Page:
The Real Estate Purchase Contract
A Deep Dive
The Process of Buying Real Estate
You've been out previewing houses with your broker for months and you've finally found the home, property, and neighborhood that feel exactly right for you. The seller has published the asking price and now it's time for you to make a bid or convey to the seller that you are seriously interested.
The bid may be lower, the same, or even higher than the asking price, based on market conditions.
It's the beginning of negotiations, a process that could go on for several rounds. Finally, you and the seller agree on a price. Now it's time to "go to contract". What some agents also call "under contract."
The Real Estate Purchase Contract
Also known as a contract to purchase real estate or a residential purchase agreement, a real estate purchase contract is a binding, bilateral agreement between two or more parties with legal capacity for the purchase, exchange or other conveyance of . The contract is based on a legal "consideration." Consideration is what is exchanged for the real estate and, most commonly, it is money. Consideration could also be other property in exchange, or a promise to perform (i.e., a promise to pay).
The United States Statute of Frauds requires real estate contracts to be in writing to be enforceable, and it must be signed by both parties (buyer and seller).
Hand shakes are a thing of the past. There are templates and forms available, but you should always consider consulting an experienced real estate attorney or a real estate agent.
The real estate purchase contract, among other details, will contain:
- Identification of the parties, the real estate property, and the agreed upon purchase price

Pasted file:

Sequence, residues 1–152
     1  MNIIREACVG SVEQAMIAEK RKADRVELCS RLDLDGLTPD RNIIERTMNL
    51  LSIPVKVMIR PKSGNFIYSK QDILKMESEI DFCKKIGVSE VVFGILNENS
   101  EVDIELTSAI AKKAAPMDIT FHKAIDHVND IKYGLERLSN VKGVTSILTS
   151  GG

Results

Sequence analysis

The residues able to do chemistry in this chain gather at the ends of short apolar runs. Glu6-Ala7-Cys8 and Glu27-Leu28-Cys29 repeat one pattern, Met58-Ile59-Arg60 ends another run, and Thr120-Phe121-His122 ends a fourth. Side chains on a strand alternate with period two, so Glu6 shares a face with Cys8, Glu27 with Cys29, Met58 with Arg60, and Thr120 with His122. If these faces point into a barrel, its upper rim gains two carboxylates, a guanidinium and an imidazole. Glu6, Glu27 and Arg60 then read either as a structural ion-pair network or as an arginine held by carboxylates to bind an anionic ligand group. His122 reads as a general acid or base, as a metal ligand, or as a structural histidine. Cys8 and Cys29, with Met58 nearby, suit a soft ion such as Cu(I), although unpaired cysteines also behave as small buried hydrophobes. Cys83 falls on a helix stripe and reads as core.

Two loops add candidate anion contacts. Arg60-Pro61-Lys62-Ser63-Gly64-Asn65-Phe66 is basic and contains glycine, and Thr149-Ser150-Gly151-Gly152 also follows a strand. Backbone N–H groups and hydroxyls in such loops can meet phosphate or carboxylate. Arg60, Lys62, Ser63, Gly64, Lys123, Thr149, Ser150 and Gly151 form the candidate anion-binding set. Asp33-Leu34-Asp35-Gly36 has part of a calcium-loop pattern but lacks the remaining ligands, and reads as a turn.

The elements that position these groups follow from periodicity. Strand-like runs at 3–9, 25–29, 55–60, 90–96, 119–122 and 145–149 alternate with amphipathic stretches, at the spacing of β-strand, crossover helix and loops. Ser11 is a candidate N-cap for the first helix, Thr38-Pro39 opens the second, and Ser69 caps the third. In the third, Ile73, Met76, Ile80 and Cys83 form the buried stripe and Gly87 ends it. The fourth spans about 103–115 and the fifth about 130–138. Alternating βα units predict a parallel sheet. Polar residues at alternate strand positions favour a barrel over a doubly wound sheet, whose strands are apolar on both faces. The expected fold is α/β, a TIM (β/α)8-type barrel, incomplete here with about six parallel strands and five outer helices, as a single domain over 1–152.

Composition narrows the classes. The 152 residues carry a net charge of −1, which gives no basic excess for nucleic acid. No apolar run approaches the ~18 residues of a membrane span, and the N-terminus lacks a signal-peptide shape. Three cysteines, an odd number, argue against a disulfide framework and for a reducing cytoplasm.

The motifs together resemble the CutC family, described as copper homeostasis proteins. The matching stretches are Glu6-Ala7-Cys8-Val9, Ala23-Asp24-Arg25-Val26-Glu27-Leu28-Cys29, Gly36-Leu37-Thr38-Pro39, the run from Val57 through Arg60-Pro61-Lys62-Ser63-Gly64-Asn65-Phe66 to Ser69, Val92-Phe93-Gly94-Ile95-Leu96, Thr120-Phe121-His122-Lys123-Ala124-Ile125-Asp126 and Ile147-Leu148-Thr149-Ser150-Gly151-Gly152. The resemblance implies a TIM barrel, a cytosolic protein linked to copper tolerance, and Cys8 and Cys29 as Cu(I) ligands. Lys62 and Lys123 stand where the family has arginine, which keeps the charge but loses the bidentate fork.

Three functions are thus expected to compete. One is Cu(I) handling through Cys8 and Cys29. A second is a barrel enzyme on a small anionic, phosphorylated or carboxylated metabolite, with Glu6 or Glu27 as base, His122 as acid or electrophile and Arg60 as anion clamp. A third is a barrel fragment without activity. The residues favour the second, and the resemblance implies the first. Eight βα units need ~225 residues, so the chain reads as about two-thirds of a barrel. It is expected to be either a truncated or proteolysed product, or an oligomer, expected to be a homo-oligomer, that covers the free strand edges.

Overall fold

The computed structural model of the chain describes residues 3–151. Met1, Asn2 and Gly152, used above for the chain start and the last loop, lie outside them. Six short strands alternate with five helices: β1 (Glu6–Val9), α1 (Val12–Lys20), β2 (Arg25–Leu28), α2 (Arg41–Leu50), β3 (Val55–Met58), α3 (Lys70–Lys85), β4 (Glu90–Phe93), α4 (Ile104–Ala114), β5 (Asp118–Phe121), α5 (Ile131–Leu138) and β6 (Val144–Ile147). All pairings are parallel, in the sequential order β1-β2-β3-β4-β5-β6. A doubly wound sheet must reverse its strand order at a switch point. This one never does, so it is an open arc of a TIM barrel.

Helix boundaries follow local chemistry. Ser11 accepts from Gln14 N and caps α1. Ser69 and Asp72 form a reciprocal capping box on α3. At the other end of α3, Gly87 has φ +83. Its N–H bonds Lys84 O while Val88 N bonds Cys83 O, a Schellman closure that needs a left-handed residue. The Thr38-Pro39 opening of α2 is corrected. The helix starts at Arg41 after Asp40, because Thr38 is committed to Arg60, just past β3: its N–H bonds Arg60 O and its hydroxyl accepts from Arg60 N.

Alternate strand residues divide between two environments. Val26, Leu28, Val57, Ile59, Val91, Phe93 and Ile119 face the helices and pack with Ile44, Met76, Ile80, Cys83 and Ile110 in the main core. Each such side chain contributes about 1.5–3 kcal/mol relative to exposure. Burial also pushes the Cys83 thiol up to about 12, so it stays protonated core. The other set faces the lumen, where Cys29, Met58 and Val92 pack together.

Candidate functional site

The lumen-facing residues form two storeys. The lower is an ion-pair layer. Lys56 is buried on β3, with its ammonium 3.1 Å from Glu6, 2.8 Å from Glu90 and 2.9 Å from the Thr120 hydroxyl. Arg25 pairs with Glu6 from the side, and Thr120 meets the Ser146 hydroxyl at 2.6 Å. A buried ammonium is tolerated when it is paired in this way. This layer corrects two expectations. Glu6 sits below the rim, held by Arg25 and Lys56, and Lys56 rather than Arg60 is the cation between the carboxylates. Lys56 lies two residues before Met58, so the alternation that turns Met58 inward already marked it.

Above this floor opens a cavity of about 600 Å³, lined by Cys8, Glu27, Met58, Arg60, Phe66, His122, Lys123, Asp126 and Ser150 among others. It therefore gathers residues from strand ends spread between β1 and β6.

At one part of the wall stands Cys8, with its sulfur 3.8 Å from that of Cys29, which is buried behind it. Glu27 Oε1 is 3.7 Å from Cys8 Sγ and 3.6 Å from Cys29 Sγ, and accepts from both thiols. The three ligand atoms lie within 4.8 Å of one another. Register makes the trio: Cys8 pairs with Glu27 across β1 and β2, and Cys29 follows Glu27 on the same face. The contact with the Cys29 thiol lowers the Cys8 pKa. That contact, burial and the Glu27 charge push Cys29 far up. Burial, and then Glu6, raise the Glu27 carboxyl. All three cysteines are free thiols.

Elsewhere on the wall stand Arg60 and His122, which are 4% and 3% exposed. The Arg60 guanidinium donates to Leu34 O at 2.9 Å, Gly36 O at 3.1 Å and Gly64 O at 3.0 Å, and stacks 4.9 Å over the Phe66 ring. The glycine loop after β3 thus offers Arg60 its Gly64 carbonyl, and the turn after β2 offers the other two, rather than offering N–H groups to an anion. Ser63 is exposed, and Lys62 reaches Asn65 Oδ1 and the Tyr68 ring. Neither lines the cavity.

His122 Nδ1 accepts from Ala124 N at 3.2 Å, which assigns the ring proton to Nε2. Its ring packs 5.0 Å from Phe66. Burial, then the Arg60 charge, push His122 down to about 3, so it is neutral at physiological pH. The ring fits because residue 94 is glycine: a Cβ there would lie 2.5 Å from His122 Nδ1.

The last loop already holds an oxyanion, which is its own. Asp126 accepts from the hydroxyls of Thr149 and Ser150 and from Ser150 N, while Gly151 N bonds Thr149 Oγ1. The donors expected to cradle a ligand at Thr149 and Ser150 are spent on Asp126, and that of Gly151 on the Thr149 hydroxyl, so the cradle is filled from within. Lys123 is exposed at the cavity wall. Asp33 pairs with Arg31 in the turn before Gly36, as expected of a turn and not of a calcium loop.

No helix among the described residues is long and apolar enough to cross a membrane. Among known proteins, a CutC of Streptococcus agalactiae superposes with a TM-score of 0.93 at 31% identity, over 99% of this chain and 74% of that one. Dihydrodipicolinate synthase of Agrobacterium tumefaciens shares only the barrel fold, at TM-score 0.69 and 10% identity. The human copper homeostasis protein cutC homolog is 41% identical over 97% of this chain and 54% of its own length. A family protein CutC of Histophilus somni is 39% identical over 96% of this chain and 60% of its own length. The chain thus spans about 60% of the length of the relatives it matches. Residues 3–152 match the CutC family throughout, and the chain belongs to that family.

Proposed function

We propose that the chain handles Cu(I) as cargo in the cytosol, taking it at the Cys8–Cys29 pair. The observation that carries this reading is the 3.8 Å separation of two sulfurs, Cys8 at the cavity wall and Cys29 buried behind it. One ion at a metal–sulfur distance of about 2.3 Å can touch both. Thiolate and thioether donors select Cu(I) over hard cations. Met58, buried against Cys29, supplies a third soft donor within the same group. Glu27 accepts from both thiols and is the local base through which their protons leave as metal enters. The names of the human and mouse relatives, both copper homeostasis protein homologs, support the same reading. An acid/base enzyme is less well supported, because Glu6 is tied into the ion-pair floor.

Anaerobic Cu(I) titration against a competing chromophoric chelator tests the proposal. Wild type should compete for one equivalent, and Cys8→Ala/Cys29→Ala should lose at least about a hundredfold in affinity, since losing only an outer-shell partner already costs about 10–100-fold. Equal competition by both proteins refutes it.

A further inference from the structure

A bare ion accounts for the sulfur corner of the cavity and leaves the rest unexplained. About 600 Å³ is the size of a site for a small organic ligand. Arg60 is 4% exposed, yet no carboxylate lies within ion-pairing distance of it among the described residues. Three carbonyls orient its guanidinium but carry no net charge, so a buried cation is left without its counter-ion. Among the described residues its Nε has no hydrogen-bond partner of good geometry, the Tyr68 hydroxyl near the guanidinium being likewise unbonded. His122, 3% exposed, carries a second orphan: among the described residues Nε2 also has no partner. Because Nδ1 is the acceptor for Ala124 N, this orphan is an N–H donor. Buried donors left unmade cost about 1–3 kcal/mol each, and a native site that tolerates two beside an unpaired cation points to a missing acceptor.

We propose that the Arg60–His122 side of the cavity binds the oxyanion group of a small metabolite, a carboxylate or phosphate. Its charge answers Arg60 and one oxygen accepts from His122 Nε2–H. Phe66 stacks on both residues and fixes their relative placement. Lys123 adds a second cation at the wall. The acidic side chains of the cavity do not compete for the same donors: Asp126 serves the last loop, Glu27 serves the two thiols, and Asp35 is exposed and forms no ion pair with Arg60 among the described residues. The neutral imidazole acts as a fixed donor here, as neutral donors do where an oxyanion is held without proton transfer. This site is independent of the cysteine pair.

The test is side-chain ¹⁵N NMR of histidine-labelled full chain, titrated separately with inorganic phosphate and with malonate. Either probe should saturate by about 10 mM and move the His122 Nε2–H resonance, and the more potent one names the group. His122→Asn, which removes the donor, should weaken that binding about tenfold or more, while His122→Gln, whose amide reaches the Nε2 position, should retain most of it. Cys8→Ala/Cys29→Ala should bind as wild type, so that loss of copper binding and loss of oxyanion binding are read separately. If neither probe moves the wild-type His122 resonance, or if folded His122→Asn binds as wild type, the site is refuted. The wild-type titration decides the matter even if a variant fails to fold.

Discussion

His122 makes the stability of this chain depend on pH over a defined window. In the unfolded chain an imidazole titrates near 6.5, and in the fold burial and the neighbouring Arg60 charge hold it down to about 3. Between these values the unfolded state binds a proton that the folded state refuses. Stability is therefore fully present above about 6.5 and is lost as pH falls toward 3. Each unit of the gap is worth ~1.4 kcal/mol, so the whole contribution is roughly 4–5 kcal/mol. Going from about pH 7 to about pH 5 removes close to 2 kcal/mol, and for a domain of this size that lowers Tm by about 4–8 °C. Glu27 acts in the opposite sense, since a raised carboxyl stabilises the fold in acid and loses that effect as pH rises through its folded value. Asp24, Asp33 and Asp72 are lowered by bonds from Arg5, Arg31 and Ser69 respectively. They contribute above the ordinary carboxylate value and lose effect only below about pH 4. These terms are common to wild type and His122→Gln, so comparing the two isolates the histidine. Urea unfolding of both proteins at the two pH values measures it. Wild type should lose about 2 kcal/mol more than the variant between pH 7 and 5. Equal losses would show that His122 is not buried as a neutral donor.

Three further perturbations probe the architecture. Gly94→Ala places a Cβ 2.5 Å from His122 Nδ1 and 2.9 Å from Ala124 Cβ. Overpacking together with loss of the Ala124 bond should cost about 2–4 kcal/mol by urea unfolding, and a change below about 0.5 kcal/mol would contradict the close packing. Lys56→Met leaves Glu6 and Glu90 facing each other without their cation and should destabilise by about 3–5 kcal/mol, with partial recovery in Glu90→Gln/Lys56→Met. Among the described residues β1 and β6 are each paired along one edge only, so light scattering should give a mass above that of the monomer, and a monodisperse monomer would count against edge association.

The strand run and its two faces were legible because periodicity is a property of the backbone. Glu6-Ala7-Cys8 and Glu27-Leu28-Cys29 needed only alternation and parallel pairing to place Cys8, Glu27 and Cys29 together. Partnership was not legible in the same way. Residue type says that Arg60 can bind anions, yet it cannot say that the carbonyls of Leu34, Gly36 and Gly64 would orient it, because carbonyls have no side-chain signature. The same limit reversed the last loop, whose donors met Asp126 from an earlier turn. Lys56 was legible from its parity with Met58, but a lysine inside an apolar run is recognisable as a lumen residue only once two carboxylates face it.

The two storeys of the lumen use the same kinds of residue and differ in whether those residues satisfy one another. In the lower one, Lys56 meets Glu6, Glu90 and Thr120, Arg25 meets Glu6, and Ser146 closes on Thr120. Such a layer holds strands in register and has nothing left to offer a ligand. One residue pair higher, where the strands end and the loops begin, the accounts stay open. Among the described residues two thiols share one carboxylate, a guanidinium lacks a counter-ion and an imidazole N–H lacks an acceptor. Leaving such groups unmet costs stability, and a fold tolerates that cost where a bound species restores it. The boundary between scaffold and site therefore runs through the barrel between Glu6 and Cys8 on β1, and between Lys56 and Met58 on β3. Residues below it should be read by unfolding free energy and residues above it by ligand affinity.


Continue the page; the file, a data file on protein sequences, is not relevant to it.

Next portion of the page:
- The essential details, rights, and obligations of the contract
- The contingencies or conditions that must be met
- The condition of property, what is included, and what is not included
- The amount of the deposit
- The closing costs and who pays what
- The prospective date of closing
- The signature of each party
- Terms of possession
The list of contingencies may include:
- Getting a mortgage (or owner financing)
- Getting an appraisal (which may be required by the mortgage company)
- Having a professional inspection
- The need for another sale (e.g., I must sell my home before I can afford to buy yours)
Earnest Money Deposit
A deposit is usually made when the buyer signs the contract, which is held in escrow by a third party, e.g., the seller's real estate lawyer or title company until the closing. It is usually a fraction of the selling price and is specified in the contract. The earnest money deposit is a credit towards the final negotiated purchase price.
What if the Buyer Wants Out
This is a serious consideration and may result in the loss of your deposit, or worse, being sued for specific performance, or completion of the contract. If you feel you have to get out, the best time is while the contingencies are being met.
Contingencies are escape hatches and can legitimately be used, but not really for the purposes of if the buyer gets cold feet. There is no contingency for cold feet.
The most common "out" is because of financing contingencies. If the buyer tries, in good faith, to get a mortgage and is turned down, the contract is canceled and no one is at fault. Many things can go wrong in underwriting. Just because a buyer is pre-approved by a lender does not mean the buyer will emerge successfully from underwriting.
Another common out is the inspection contingency. If the inspection turns up defects, and they all do, and the buyer deems the deficiencies to be too much to deal with, or the buyer and seller cannot reach agreement on repair of the defects, the parties can cancel the contract, and no one is at fault.
In some parts of the country, home inspections are completed in advance of executing a final purchase contract, so an inspection might not be a contingency of the purchase contract.
At the time of writing, Elizabeth Weintraub, CalBRE #00697006, is a Broker-Associate at Lyon Real Estate in Sacramento, California.